MO: Those things are [obscured by crosstalk].
TONI: [crosstalk] Yes. I think we can all agree with that, yes. It’s funny because it’s the stupidest show but it also simultaneously makes you think to yourself, “I am very smart. I understand that weird, plot-convoluted thing that just happened. I must be so smart. I’m gonna go watch Rick and Morty now.”
MO: Yes. Exactly. But if you actually sit and think about the assumptions that are made, right? Like, there’s this one line that I still remember, even though it’s been a while since I watched it, where the cops mention how, after Kira has started killing criminals, the world is slowly becoming a better place. Criminals are committing less crimes; less people are getting hurt. Nobody actually cares about the people that are dying in the prisons. There’s sort of a tacit agreement that even though Kira is doing what everyone wants to do and even though the world is being made a better place, it’s still bad because, I guess, just killing people is bad?
MO: That’s unfortunately— It’s just not good enough, right? Because first of all, just killing every criminal does not solve crime, because that’s not why crime happens. Crime doesn’t happen because we aren’t punishing people enough. Crime happens for a number of reasons. There’s socioeconomic reasons, income inequality, the fact that our society creates abusers that don’t get held accountable until it’s too late. All of these underlying things need to be addressed if you actually want a world with less violence in it, just like treating people who become violent like aberrations that just need to be killed is like— I mean, we already do that. What more evidence do you need? We already do that and there’s still crime. The world that Death Note is imagining, we live in it and it fucking sucks. Right? [Chuckles] So, yeah, it’s just those hidden, those core assumptions that you need to think about when you watch a show. I mean, it’ll make it more interesting. It makes it more interesting for me.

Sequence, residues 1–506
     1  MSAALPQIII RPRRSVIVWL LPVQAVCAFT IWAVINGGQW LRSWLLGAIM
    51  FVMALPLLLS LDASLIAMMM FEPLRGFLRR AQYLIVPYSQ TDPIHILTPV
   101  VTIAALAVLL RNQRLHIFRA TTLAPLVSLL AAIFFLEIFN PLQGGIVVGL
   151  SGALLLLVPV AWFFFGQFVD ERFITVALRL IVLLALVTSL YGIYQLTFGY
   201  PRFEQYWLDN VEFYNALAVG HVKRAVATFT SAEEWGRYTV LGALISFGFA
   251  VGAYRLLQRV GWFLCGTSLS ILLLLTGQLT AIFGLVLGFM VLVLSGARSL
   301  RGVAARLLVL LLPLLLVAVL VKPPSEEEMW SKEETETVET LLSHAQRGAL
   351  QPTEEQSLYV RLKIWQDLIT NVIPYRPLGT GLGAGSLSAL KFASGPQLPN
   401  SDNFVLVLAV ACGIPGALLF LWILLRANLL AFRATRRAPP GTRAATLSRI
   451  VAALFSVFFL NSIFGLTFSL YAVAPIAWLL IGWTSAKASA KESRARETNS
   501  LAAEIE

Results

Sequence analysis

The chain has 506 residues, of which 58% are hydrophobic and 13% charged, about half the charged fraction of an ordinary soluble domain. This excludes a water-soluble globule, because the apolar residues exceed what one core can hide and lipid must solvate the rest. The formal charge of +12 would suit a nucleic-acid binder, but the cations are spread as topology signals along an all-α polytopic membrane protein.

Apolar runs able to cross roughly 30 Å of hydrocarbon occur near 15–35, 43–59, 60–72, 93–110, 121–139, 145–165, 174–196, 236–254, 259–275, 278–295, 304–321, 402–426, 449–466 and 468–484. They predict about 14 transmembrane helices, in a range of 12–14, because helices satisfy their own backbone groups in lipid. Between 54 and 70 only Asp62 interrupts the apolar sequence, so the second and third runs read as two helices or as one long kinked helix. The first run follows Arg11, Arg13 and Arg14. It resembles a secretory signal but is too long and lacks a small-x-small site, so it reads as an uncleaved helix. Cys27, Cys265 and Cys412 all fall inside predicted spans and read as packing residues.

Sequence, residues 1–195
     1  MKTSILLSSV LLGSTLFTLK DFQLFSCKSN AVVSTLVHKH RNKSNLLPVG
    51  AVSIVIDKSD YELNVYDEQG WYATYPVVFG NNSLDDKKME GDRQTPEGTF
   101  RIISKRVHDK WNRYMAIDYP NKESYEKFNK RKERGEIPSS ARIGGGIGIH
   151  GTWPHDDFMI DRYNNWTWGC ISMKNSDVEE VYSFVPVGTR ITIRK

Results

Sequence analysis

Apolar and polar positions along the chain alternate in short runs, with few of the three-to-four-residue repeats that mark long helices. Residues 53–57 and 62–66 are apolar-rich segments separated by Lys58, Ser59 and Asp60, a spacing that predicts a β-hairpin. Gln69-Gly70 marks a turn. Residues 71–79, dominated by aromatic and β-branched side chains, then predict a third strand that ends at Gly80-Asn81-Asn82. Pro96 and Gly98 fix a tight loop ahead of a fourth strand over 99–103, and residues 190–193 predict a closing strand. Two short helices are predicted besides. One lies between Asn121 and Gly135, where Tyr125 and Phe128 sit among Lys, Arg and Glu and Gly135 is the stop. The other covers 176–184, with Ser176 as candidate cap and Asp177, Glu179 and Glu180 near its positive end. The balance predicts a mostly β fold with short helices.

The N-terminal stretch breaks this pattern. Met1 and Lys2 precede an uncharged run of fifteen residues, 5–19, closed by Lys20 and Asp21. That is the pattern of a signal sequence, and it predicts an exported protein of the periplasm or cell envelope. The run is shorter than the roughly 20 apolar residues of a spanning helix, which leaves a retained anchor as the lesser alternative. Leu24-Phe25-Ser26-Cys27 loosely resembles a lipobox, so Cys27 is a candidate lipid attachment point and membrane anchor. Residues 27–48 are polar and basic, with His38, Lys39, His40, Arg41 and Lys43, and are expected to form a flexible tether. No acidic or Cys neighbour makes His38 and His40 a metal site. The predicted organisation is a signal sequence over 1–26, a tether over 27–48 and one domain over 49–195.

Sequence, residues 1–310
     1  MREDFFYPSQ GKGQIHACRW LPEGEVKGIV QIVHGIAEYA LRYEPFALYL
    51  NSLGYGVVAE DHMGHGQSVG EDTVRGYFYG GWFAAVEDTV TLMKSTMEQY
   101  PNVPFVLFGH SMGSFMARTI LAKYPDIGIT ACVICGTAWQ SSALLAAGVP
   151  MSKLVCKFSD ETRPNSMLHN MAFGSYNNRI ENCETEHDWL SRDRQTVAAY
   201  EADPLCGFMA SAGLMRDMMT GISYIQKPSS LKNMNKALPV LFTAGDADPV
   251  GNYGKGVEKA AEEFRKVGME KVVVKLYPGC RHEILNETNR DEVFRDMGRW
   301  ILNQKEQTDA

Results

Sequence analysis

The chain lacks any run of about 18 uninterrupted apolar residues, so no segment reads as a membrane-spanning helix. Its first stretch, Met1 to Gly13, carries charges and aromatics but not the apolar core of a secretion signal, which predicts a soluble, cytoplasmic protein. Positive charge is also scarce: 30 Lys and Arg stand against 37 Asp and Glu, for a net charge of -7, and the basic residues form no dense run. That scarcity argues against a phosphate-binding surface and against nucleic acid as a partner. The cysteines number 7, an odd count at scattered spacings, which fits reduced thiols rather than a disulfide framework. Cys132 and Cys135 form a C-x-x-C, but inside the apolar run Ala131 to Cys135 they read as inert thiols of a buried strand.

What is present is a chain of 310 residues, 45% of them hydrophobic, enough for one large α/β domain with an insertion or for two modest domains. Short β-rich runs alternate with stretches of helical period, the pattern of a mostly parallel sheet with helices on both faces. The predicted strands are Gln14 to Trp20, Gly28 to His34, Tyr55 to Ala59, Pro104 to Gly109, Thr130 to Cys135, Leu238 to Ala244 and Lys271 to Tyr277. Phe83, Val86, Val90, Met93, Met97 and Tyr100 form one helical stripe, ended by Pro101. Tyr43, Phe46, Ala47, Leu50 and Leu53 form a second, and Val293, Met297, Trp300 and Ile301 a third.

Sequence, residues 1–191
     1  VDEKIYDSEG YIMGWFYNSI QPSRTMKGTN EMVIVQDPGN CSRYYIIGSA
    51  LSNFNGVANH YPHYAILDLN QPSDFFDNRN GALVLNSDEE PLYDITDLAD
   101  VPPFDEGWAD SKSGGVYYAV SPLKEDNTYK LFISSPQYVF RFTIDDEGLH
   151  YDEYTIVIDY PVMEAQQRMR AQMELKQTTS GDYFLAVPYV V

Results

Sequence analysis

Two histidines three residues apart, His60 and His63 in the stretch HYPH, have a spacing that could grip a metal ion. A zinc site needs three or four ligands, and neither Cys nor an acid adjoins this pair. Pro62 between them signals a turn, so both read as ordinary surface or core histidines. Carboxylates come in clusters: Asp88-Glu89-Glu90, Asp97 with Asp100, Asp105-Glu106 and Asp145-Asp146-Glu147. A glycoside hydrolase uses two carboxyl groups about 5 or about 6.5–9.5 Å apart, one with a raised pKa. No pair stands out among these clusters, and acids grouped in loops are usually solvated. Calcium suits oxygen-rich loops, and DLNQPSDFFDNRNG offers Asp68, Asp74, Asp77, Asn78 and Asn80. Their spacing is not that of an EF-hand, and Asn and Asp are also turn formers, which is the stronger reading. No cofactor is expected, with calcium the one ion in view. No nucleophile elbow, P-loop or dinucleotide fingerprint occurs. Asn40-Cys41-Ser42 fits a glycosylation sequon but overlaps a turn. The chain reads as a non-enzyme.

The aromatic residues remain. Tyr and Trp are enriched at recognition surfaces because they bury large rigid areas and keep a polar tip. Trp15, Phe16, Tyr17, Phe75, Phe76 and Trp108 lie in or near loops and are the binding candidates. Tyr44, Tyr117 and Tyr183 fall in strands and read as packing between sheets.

DANNY: Yeah, I agree. And I think the structure of Death Note kind of, sort of pushes the viewer. And a lot of anime in general [do this], but it’s important that I’m thinking about it with Death Note, because Death Note is sort of like, okay, we have this protagonist who we are supposed to root for, not supposed to root for? Because this is the main character. This is the character who we are supposed to follow throughout the show. And if we at any level enjoy the show, then we have to almost cheer for the survival of this morally obscene character in Light. But on the flip side, we have L, who is in a story construction sense an antagonist. He impedes Light’s progress. He’s supposed to work to impede Light’s progress.
And Light is a cop. [Chuckles] Right? For all intents and purposes, he’s a cop. So, on one hand, we are supposed to be like, okay, we’re supposed to root against Light because we want the story to continue, because maybe we enjoy the story. But on the other hand, L is a symbol of this kind of justice and we’re supposed to root for him because he is justice and because he is a cop and because he’s kind of taking things into his own hands in the ways that cops do often. So, I think in some ways the show is really useful in seeing how, even just with the construction of the story, we see copaganda as sort of like, well, we’re supposed to root for L because he’s quote-unquote “justice” and because he’s the—